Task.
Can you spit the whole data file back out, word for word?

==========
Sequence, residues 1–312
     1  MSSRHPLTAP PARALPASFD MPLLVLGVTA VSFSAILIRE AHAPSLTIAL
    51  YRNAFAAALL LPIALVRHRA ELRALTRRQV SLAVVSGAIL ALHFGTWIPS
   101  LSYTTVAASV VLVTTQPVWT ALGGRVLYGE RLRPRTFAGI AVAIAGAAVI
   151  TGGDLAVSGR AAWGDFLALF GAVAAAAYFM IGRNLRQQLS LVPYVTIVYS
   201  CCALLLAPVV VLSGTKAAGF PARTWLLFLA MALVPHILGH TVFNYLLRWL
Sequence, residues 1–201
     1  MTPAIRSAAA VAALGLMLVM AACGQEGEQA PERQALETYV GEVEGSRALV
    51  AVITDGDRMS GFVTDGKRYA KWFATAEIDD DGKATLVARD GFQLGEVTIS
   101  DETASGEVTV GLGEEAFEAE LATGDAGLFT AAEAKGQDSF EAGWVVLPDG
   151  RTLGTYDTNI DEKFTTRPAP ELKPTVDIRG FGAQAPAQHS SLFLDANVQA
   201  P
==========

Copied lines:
Sequence, residues 1–312
     1  MSSRHPLTAP PARALPASFD MPLLVLGVTA VSFSAILIRE AHAPSLTIAL
    51  YRNAFAAALL LPIALVRHRA ELRALTRRQV SLAVVSGAIL ALHFGTWIPS
   101  LSYTTVAASV VLVTTQPVWT ALGGRVLYGE RLRPRTFAGI AVAIAGAAVI
   151  TGGDLAVSGR AAWGDFLALF GAVAAAAYFM IGRNLRQQLS LVPYVTIVYS
   201  CCALLLAPVV VLSGTKAAGF PARTWLLFLA MALVPHILGH TVFNYLLRWL
Sequence, residues 1–201
     1  MTPAIRSAAA VAALGLMLVM AACGQEGEQA PERQALETYV GEVEGSRALV
    51  AVITDGDRMS GFVTDGKRYA KWFATAEIDD DGKATLVARD GFQLGEVTIS
   101  DETASGEVTV GLGEEAFEAE LATGDAGLFT AAEAKGQDSF EAGWVVLPDG
   151  RTLGTYDTNI DEKFTTRPAP ELKPTVDIRG FGAQAPAQHS SLFLDANVQA
   201  P